"Pannum nossum quotditty hamminum da nobs holyday, e missy nobs debitty nossa si cut nos demittimissibus debetenibas nossimus e, ne, nos hem-duckam in, in, in temptationemum, sed lillibery nos a ma--ma--" Here a heavy lash brought the very Oh! that was "caret" to complete the sentence.

My readers are not to suppose that the rest of the class acquitted themselves with as much ability as their leader, who, compared to them, was perfectly erudite; the others received a lash for every word, or nearly so. The boys were first disposed of, in order, I suppose, that they might have the full benefit of the applicant's muscles; while the poor girls had the additional pleasure of witnessing the castigation until their turn came; and that they were aware of what awaited them was evident, from their previous arrangement and disposition of dress, at the commencement of the entertainment. The girls accordingly came up one after another to say their Ave Maria, as more consonant to their sex; but I could scarcely contain my rage when the rascally cowskin was applied to them, or my laughter when, smarting under its lash, they exclaimed, "Benedicta Mulieribus," applying their little hands with immoderate pressure to the afflicted part.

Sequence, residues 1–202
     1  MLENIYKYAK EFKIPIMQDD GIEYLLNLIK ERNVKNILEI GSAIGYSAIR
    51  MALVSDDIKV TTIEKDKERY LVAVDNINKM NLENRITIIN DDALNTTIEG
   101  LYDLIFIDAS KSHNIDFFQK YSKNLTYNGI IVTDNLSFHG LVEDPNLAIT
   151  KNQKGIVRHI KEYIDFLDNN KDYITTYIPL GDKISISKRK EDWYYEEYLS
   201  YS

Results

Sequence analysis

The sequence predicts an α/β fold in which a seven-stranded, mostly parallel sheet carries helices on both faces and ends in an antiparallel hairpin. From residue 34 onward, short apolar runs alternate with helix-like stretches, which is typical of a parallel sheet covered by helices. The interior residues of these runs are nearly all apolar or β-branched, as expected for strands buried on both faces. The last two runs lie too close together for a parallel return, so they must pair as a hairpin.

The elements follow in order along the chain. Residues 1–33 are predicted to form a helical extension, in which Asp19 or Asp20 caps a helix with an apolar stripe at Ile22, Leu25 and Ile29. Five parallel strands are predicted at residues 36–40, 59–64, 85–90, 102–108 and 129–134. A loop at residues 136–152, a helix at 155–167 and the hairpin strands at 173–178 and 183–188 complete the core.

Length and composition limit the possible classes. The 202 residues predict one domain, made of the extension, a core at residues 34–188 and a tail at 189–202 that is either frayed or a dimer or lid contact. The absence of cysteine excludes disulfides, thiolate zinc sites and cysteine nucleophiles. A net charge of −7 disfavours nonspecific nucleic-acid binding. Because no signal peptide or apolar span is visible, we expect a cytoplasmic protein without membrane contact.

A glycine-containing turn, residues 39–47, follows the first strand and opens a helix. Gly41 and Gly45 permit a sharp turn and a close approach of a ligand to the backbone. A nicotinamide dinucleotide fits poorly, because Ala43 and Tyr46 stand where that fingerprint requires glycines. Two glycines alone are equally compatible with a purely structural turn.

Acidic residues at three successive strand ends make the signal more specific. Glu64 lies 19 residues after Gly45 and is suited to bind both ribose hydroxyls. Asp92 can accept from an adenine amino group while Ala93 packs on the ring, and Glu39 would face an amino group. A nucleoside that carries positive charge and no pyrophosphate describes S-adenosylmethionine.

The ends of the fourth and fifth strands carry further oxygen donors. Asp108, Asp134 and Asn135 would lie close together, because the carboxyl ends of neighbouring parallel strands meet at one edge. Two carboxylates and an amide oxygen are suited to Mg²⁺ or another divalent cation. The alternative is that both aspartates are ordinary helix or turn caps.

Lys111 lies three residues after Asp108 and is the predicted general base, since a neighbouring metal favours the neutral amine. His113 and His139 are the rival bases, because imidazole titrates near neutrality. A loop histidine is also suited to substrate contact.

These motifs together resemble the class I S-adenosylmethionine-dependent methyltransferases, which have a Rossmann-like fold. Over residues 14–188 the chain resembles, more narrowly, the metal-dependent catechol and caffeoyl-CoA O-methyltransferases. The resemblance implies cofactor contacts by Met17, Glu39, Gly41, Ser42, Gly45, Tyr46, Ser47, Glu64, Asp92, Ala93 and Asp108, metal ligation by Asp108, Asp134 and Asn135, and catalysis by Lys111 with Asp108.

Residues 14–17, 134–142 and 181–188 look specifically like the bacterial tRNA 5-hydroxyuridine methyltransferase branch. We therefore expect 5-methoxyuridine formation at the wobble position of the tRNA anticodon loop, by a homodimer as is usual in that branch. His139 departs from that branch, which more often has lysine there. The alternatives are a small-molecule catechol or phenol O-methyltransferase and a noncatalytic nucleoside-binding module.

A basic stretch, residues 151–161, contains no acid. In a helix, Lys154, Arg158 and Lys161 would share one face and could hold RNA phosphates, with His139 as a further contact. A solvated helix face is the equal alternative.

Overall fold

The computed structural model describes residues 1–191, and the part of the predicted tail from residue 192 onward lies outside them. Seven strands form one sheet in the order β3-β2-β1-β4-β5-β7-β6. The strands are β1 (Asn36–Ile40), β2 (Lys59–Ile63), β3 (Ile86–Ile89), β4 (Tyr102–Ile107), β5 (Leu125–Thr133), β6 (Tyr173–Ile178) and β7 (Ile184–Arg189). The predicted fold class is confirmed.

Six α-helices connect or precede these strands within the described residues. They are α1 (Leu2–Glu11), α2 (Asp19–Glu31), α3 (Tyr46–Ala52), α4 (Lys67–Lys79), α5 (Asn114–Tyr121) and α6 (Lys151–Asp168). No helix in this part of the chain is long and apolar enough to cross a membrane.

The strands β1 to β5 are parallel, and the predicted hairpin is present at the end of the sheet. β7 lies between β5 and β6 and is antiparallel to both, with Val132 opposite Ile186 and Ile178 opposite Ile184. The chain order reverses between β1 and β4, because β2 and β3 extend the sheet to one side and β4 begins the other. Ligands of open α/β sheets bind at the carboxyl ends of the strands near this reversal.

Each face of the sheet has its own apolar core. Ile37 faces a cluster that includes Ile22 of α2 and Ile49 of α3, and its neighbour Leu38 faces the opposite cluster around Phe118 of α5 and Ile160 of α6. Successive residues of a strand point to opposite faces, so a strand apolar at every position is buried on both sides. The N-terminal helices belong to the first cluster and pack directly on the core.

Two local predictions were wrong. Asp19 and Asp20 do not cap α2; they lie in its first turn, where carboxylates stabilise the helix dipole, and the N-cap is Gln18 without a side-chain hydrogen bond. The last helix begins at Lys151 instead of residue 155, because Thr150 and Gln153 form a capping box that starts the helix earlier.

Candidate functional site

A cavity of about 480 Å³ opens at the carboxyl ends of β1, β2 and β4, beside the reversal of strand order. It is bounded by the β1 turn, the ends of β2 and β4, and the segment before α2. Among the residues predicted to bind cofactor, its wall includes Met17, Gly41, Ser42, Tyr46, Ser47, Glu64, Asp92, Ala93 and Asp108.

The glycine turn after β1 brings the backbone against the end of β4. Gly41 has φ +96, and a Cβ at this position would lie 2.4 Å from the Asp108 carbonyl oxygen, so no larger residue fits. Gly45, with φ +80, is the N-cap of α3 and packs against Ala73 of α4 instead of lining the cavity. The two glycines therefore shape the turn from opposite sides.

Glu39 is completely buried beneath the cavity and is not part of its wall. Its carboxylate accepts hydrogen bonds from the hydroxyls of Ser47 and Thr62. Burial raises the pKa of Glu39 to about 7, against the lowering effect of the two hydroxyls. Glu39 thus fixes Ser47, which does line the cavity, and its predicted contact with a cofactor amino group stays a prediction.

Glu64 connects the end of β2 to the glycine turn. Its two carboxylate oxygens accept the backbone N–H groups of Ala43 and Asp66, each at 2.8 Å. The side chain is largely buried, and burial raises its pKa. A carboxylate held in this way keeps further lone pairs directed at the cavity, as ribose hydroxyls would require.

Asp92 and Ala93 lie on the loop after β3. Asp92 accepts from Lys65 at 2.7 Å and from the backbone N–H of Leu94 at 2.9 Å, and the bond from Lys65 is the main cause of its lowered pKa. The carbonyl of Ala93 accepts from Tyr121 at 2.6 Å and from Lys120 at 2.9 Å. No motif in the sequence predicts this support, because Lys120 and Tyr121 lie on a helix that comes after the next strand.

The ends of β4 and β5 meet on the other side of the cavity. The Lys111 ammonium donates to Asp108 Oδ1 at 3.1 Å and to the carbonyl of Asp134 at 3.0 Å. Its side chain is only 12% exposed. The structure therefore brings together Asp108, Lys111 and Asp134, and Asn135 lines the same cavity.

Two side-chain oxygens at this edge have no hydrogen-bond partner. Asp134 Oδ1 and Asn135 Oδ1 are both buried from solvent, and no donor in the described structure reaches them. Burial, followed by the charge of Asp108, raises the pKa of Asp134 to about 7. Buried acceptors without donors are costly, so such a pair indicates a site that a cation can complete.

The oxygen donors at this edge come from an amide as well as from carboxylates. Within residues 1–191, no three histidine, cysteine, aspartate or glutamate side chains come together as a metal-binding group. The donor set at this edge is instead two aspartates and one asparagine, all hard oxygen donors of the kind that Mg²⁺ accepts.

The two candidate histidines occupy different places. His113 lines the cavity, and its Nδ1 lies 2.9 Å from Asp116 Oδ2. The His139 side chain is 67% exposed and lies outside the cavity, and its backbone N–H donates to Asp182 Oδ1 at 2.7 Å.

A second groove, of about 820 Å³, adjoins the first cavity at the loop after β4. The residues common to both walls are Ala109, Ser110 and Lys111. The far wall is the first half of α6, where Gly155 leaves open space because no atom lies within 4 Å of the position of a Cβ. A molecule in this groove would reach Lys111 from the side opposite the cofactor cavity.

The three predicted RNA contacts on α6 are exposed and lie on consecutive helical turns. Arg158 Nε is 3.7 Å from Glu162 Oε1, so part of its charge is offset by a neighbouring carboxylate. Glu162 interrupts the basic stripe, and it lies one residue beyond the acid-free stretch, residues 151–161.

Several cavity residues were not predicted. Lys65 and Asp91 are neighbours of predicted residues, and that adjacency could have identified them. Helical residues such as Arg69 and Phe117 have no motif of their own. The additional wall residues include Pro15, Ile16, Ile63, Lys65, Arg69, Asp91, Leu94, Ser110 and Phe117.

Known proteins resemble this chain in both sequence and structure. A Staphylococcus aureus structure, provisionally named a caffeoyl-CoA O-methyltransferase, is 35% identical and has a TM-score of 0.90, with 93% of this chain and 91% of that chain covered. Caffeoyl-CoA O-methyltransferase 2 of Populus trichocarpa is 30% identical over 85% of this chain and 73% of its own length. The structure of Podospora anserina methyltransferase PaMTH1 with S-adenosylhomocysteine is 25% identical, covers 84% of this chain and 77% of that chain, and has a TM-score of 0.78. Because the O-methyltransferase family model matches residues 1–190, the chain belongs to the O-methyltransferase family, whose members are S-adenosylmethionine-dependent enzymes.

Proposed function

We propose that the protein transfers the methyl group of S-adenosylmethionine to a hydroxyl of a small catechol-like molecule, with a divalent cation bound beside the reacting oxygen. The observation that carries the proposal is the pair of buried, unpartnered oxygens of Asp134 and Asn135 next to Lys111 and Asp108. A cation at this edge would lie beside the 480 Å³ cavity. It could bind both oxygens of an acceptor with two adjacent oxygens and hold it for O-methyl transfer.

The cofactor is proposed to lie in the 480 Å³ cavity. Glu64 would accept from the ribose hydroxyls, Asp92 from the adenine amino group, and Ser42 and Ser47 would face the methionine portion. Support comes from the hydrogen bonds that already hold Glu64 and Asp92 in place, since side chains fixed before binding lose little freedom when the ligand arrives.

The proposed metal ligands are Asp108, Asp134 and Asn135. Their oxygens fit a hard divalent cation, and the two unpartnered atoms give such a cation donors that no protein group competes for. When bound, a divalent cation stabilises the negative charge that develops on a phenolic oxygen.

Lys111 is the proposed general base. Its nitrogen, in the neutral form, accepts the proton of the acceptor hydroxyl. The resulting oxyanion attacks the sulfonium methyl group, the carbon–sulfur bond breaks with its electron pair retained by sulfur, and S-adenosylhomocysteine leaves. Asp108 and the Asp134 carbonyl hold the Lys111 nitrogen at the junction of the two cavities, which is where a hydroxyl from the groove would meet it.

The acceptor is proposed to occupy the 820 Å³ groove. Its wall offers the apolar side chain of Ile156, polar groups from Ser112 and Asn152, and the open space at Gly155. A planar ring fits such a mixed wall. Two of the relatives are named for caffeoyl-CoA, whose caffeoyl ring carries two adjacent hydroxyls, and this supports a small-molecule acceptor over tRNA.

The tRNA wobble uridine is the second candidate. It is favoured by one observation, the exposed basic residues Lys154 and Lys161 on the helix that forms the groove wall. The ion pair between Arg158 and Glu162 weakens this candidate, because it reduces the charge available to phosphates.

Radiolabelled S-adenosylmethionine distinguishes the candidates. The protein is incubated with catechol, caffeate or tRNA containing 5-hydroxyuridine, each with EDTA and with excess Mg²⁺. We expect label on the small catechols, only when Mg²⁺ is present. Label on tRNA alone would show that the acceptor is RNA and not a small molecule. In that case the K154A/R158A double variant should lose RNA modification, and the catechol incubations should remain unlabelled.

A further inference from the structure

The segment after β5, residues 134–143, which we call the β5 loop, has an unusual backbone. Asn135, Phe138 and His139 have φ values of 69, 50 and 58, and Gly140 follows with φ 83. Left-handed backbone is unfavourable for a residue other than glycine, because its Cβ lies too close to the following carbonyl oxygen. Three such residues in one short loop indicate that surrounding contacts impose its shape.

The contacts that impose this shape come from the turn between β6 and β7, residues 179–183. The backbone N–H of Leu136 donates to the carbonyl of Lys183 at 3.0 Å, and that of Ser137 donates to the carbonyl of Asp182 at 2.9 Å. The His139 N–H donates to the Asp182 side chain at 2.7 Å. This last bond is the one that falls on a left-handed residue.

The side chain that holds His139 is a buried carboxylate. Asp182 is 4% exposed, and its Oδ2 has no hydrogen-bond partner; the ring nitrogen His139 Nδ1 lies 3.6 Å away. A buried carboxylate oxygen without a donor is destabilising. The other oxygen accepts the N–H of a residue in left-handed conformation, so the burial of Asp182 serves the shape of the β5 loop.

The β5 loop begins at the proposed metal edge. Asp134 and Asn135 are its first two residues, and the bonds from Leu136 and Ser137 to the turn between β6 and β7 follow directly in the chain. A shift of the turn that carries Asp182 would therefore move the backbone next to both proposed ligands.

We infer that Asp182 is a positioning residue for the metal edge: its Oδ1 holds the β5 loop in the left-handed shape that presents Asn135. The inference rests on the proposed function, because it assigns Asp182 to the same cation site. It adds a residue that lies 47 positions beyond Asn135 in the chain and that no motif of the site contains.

I could have found in my heart to have wrested the whip out of the hands of the young negro, and applied it with all my might to him, and his old villain of a master, and father of these poor children, as I soon found he was. My patience was almost gone when the second girl received a lash for her "Plena Gratia." She screamed, and danced, and lifted up her poor legs in agony, rubbing herself on her "_west_" side, as the Philadelphia ladies call it, with as much assiduity as ifit had been one of those cases in which friction is prescribed by the faculty.